Entrepreneurship in the World
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How my company failed in only three months (and still was a success)

How my company failed in only three months (and still was a success) | Entrepreneurship in the World | Scoop.it
Samuel Pavin's insight:

A history of failure ... .

And as usually said, failure leads to success.

Sure, not every time.

Yet, I like to read about failures even more than successes because they set things right and it is also a good way for any entrepreneur to get rid - or at least anticipate - of some hurdles.

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Overcoming Your Kryptonite and Making the Leap into Entrepreneurship

Overcoming Your Kryptonite and Making the Leap into Entrepreneurship | Entrepreneurship in the World | Scoop.it
When it comes to starting up, our insecurities can become our own worst enemy. Here's how one young entrepreneur overcame his inner demons.
Samuel Pavin's insight:

One of the main showstoppers indeed. Fear.

Failing at failing for the sake of not actually trying.

Like any decision in life, though, it is just a matter of jumping in. Here are some good advice and getting over fear and skydiving to success ... or failure anyway but that does not matter.

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Becoming An Entrepreneur Is Less Scary Than You Think (A Case Study) - Forbes

Becoming An Entrepreneur Is Less Scary Than You Think (A Case Study) - Forbes | Entrepreneurship in the World | Scoop.it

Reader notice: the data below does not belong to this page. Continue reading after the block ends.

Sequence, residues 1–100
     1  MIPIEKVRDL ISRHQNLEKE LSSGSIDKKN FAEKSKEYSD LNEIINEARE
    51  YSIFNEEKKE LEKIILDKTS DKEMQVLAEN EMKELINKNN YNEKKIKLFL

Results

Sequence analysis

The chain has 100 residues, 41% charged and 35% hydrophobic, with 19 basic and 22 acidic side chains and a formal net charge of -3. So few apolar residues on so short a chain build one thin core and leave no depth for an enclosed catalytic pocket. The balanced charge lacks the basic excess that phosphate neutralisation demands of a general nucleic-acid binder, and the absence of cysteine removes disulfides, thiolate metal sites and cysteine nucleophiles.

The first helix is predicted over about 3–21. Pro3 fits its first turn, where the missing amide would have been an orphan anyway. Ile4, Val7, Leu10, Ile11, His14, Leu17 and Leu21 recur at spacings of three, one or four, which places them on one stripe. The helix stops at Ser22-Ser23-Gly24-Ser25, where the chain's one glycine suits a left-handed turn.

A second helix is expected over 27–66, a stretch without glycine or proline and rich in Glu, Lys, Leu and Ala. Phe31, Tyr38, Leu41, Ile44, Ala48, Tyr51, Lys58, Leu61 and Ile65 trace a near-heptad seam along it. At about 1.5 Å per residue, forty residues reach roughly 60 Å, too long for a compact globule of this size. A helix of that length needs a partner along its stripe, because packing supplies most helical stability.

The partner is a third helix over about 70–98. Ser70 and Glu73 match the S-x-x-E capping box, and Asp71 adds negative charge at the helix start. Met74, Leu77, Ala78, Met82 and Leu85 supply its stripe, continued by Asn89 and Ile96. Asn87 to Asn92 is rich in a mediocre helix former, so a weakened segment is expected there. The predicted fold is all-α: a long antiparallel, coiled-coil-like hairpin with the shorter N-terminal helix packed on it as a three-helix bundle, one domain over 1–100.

It may be less scary to go off on your own than to hope that your corporate job remains safe.
Samuel Pavin's insight:

I am sticking to the #fear factor here here but it does seem to be the main topic at the moment - or say, the fancy topic.

No more failures, now on to fear.

Anyway, a well written bit here on this part and a good look into #entrepreneur thinking vs #employee thinking.

Ready to jump now ?

 

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How the 'Failure' Culture of Startups Is Killing Innovation

How the 'Failure' Culture of Startups Is Killing Innovation | Entrepreneurship in the World | Scoop.it
Far from being the measure of disgrace it once was, failure now seems to be a sort of badge of honor. But somewhere along the way, it got to be uncool to reduce one’s risk of failure.
Samuel Pavin's insight:

An interesting point about failure and the somewhat switch to "failing is just plain ok".

That is still not true everywhere (countries like France or Japan, for instance, do not accept failure (much)). But that certainly is some old habit in the Valley. With the point that failing is like losing. Ok sometimes but efforts are required, at some point, in order to go back to winning.

I mention efforts as I also think about the fashionable "MVP". Delivering the minimum requires far less efforts and engagement. Yet the concept is more or less accepted. 

However, as an end-user and customer, when I buy something I want it to work. What is the point in having an ok-looking, ok-working, so called wonderful app if it is bound to crash every minute.

Hence, I tend to agree with the point made here and would even push it further, it is also killing startups somehow.

Let's just hope it only kills the minimum viable ones.

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